Kent, a friend of mine and fellow blogger, emailed me the other day to ask how I’ve been. We hadn’t talked in a while, and you may have noticed that I haven’t posted in a while either. It was nice catching up, and his email also pushed me to write something here tonight.

First of all, I’m fine — nothing’s wrong. How are all of you? πŸ™‚ In fact, things have actually been going pretty well, especially with my job. I’m a freelance web developer, and this year has been quite good for me so far. Lots of good work, but not so much that it’s drowning me. Just the perfect balance, really.

But I do have to admit that I’ve been in a bit of a funk lately, especially when it comes to writing. Since the election, I’ve been pretty numb. Well, initially I was horrified and depressed. I felt physically sick on election night. And even now, I find myself wondering almost daily how we wound up here. That’s not an exaggeration: while driving down the road, or looking in the mirror, or taking out the trash, I’ll suddenly say “How did he become President?”

It’s been hard to know what to write about it. I think what troubles me most is this tenuous grasp we seem to have on what’s true these days. Look, it’s to be expected that people will disagree on matters of opinion, but when the different sides start trafficking in their own “facts” what do you do about that? It’s obvious to me that this has been a strategy, not an accident. People like Steve Bannon have been working for years to undercut the reliability of traditional media so that people would begin to put major news organizations on the same level as Breitbart or social media memes. How do you combat falsehoods when trust in the news has been decimated? Thankfully, most news outlets seem to be trying harder in response. And some social media platforms, like Facebook, are trying to combat the lies where they can as well. Maybe they’ll have some success.

But I don’t want to talk about that stuff. What can I say about it that hasn’t already been said anyway?

So why not talk about religion? Sadly, I haven’t had much energy for that lately, either. Don’t get me wrong — I still think it’s an extremely important subject, and I’m still just as much an atheist as I was a few months ago. But when I post on the subject, I often find myself becoming dogmatic about some aspect of it: “No, the Bible is wrong about _______” or “Why would God do ________?” And really, all I want is for atheism to be more accepted and for religion to take up less space in our politics, schools, and government. I don’t want to fight with Christians — in fact, I think they can often be our allies in things like church and state separation.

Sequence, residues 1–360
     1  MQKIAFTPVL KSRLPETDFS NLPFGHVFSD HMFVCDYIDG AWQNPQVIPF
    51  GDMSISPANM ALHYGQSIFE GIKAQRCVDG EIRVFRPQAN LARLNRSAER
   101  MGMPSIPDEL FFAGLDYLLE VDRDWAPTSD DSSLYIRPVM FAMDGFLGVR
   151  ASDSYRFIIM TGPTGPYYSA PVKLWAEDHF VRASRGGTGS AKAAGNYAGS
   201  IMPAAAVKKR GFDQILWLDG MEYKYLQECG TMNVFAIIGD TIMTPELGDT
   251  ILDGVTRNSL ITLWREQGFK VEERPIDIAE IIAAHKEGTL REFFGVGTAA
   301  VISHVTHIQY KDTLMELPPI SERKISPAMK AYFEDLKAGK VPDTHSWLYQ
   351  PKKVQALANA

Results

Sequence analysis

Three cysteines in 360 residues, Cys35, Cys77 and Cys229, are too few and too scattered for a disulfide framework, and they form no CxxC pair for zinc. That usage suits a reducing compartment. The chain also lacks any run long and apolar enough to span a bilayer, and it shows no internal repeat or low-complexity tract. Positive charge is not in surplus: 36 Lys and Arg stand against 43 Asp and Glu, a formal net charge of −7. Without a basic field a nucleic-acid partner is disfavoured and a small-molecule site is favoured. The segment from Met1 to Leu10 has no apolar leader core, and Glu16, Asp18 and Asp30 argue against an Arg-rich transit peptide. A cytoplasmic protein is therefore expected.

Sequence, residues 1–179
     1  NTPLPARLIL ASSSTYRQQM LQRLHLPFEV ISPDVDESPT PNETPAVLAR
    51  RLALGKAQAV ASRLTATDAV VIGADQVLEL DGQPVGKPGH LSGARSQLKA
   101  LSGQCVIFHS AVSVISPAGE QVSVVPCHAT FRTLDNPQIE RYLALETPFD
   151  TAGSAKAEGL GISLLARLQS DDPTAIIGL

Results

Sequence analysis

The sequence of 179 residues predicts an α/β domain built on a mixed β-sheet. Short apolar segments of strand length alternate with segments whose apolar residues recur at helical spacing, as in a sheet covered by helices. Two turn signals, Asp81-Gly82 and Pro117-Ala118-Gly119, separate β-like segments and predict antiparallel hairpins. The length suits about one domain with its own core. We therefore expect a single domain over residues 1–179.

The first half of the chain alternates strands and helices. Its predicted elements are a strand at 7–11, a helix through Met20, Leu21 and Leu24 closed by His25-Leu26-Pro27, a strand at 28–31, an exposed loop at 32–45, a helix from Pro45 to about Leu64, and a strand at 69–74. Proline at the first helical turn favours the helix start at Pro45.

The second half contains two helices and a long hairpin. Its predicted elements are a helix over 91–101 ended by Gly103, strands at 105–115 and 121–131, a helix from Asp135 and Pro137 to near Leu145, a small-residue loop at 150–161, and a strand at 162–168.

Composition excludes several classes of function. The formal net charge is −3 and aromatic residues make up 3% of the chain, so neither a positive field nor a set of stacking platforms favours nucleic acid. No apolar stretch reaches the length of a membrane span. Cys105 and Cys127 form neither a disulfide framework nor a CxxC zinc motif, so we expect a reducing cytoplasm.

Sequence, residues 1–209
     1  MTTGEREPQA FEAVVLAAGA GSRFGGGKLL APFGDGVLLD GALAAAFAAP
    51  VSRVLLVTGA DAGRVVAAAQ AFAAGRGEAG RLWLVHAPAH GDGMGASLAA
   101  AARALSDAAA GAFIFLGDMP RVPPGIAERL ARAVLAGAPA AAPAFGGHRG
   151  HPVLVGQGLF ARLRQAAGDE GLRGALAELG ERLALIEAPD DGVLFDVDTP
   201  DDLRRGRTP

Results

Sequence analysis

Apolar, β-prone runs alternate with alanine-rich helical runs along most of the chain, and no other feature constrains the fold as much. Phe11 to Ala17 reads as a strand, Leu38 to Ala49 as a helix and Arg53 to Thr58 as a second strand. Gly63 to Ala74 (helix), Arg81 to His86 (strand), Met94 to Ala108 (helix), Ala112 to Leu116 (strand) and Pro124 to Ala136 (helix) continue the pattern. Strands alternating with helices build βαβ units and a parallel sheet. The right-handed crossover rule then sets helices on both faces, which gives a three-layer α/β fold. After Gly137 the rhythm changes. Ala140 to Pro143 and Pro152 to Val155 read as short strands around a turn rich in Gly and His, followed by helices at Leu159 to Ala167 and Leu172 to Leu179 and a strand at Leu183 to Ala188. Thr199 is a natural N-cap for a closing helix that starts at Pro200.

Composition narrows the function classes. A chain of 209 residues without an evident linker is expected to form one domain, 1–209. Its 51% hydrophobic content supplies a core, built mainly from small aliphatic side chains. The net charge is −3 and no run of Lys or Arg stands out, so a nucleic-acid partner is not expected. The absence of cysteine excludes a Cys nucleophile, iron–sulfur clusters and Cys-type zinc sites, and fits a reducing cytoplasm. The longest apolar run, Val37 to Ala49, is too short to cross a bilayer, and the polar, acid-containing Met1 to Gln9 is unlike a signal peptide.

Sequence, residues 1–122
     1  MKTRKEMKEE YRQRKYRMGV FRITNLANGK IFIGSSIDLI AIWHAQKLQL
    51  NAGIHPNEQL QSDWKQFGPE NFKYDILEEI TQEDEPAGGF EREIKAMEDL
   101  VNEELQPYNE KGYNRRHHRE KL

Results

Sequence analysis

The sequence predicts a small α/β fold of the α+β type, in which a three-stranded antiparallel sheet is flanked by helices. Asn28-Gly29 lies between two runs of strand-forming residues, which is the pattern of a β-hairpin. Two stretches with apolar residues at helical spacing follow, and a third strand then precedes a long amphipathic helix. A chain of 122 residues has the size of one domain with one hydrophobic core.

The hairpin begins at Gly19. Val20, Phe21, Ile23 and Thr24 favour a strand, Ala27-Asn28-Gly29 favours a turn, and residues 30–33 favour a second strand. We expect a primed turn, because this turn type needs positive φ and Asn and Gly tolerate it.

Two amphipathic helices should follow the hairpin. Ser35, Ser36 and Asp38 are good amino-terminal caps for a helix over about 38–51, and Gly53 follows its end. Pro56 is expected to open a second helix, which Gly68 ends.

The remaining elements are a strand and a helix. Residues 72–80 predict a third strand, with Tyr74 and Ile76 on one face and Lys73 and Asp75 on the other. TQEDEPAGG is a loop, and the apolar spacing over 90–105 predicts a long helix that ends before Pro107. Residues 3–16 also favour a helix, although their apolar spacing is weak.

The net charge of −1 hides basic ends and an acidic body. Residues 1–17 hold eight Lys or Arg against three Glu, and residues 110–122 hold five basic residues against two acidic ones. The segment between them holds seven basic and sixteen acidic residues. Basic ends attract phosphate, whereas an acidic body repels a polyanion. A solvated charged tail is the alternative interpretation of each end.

UnkleE had an excellent post about this back in January. He asked the question “Atheists and Christians — does it have to be war?” And no, I don’t think it does. So that has added a bit to my writer’s block here.

Nevertheless, I’ve been thinking more about the blog lately, and I can feel the pressure slowly mounting to get some more content out here. I love this blog, and I have no intention of letting it fade out. So keep an eye out for some more posts coming your way soon. I’ve already started a draft on one, anyway. And I have some ideas on a series or two I can start up if the writer’s block begins to creep up on me again. Stay tuned. πŸ™‚

Contradiction: Was There a Sojourn in Egypt or Not?

Peter, one of the regular readers here, pointed my attention to a post that shows a discrepancy in what the Bible claims about Jacob’s descendants spending 400+ years in Egypt. I won’t try to summarize it here — I wouldn’t be able to do it justice. Just check it out for yourself:

Which Nativity Story?

Well, it’s that time of year again. Regular church attendees are going to have to share their pews with people who have finally decided to make it out for their second service of the year. Their belief that Jesus bled and died so they can gain eternal salvation might be unshakable, but it apparently isn’t all that motivating, considering how little these believers seem to do in response. Nevertheless, they can at least be counted on to show up for a retelling of Jesus’s miraculous birth.

But what version will they hear? More than likely, they’ll hear a “Hollywood” version of the tale that incorporates the most exciting elements of the two versions that we read about in Matthew and Luke. A quick Google search turned up this one, which illustrates my point perfectly. But what if someone tried to tell the full version? A version that included every detail that both Matthew and Luke provide?
Continue reading “Which Nativity Story?”

10 Year Anniversary!

Today marks 10 years since I started this blog! I had planned to do a big post in commemoration — maybe talk about some of the first posts I wrote and call attention to all the commenters who have helped make this blog so interesting over the years. Sadly, I didn’t have time to pull all that together, but I hated to let the day go by without saying something.

So to those of you who have been following along, thank you! Blogging has been far more important to me than I ever could have imagined when I first started. I’ve learned many things, I’ve grown as a person, and I’ve made several very real friendships through this blog. I’m proud of the 10 years that we’ve shared to this point, and I hope that we have many more. Thanks, guys. πŸ™‚